Let’s say a local service organization has asked you to speak at their luncheon. You have 15 minutes in front of the group. You might ask, “What should I talk about?”
The better question is, “Who is in the audience and what do they want to know?” Think about what you can give to them that can help them with their dream.
Even if you’re talking to a room of high-paid bank executives, these folks are parents and grandparents who have spent many bedtimes reading books to their kids. And probably more than a few of them are harboring a dream of writing their own children’s book (in their spare time) and having it picked up by a publisher.
As you prepare your 15-minute talk, consider these four really helpful tips that the Assistance League of Fullerton (California) gives to presenters for the “Day with Authors” fundraising event that features both children’s and adult authors.
1) Authors who tend to sell the most books tell the best stories, be it about their current book, their body of work, themselves, or getting started in their writing careers. They cover all of these things to one degree or another during their presentation.
2) A key point is that the authors talk to the audience rather than read passages from their books exclusively. Unlike a book tour, our attendees may not be coming to hear you specifically; they are coming to participate in a full-day event featuring many authors. If you choose to read a passage from one of your books, make it brief. Attendees much prefer to hear you speak rather than read.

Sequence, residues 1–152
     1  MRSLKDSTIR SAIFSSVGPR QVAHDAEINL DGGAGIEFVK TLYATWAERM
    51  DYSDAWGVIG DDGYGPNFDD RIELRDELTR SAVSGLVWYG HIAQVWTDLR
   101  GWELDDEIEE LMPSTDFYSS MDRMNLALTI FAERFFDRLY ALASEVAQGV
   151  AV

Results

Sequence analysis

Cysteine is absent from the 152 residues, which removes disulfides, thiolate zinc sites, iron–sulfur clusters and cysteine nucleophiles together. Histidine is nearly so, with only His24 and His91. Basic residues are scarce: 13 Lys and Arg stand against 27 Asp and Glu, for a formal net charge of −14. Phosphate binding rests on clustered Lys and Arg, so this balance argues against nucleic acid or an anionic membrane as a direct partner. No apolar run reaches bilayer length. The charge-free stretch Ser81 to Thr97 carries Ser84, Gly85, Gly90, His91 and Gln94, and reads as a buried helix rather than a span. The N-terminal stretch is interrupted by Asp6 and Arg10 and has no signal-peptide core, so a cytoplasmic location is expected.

3) Think of your presentation in the same way you approach a book: plot, character, conflict, dialogue. You do not have to be a standup comedian or even a polished public speaker. It does help tremendously if you have a “story” to tell your audience that includes information about your latest work, your total body of work, your “themes”, the struggles you encountered on your way to becoming a published author. The audience likes to know an appropriate amount about you as a person – past as well as present.
4) A good story, told in a human, genuine way, trumps a polished presentation with the audience. If you make a mistake, point to it, laugh and move on. You are already doing something braver than most people, and that is talking in front of an audience. You don’t have to be perfect. You just have to be you.